The Roar
The Roar



The art of the overlapping centre-back

Robbie Fowler is on his way out despite being successful... (Mark Metcalfe/Getty Images)
Roar Guru
17th March, 2020

Sheffield United are surpassing expectations this season, with the former relegation favourites currently sitting seventh on the Premier League table.

Sheffield United have been in and out of the Championship and League One in the last decade, but the takeover of Chris Wilder as manager has been a turning point.

Wilder replaced Nigel Adkins in 2016 and Sheffield hasn’t looked back since, the former right-back becoming one of the most tactically advanced managers in England.

The club’s first season under Wilder was a huge success; they came first in League One with an astonishing 100 points to their name.

After a mid-table placement in the Championship in the 2017-18 season, they came out strong in 2018-19, finishing second only behind Norwich City, who currently sit bottom of the Premier League.

During 2018-19, Wilder developed a new tactic to help break down defences who were playing with a low line.


One of the main ways a low block or low line of defence can be overcome is by overloading certain areas of the field, such as the wings. However, Wilder’s favoured 3-4-1-2 formation meant that there was only one player on each side of the field patrolling the flanks, meaning an overload could not be created.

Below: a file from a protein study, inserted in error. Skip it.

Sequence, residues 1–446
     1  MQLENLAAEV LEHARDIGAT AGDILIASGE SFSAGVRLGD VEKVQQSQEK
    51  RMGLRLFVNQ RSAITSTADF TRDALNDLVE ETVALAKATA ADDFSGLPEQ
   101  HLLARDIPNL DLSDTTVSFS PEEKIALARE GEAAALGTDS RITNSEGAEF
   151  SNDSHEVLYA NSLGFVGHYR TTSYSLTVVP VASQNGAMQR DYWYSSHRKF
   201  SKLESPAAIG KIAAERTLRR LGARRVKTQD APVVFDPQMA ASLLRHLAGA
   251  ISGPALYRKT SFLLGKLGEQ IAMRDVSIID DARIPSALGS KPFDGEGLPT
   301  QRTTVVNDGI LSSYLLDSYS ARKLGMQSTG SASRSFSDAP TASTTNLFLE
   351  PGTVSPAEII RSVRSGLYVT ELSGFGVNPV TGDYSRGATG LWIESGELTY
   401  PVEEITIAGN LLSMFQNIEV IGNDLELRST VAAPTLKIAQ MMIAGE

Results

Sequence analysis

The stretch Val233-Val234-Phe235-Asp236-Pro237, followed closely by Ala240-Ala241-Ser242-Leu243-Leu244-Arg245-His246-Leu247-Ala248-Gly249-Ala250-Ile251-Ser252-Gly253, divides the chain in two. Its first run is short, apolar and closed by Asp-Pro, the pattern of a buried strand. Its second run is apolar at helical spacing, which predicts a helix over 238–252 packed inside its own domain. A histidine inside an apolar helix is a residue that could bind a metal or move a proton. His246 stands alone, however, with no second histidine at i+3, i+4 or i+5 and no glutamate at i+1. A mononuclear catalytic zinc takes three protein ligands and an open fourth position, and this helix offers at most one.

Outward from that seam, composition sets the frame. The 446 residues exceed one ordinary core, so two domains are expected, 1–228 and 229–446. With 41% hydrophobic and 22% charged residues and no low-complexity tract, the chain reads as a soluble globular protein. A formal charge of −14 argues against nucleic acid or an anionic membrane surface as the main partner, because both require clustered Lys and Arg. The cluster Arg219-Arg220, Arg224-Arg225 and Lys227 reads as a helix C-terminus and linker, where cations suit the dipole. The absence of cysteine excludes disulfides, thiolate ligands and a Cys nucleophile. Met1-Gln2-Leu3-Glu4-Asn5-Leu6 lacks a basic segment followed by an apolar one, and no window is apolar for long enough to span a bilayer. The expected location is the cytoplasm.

Instead of asking one of the two strikers to drift out wide to create an overload, the 52-year-old was more inventive.

He told one of his three centre-backs, usually the one who was on the side, to race down the wing and create an overlap.

Here, left centre-back Jack O’Connell makes an overlapping run, allowing Enda Stevens to cut inside, and either charge himself, cross the ball, or play O’Connell down the wing.

This has become noticed by many, but one A-League side have actually implemented the strategy into their game.

The Brisbane Roar also play three at the back, with the wing-backs pushing high and wide, but have had trouble scoring goals this season, especially in the first half.

Coach Robbie Fowler has implemented his compatriot’s strategy and, although it hasn’t had any direct impact on the scoresheet, it has helped Brisbane move teams from side-to-side.


They also have the correct players for it; Scott Neville was a known right-back before moving onto the right of a back three, while Macaulay Gillesphey strikes the ball well and is a great crosser from deep.

The Roar like to create triangles on the wings, forcing their opponents in before switching play, and their overlapping centre-backs play a big part in that.

They create a triangle with one of the central midfielders or attacking midfielders, and constantly move around within that triangle, with one player supplying width, one supplying an option square, and one moving in between the lines.

Corey Brown receives the ball and straight away cuts inside, as he knows Gillesphey will be making that overlapping run, taking the defenders’ attention.

While it may not be the most complex of strategies, the overlapping centre-back breaks down low blocks in defence and thus is handy to remember.

And Chris Wilder deserves credit for this forward-thinking approach.

Perth Glory, Western United, Western Sydney Wanderers, Newcastle Jets and Melbourne Victory have all played with a back three in recent weeks. Who will be the next side to apply overlapping centre-backs to their game?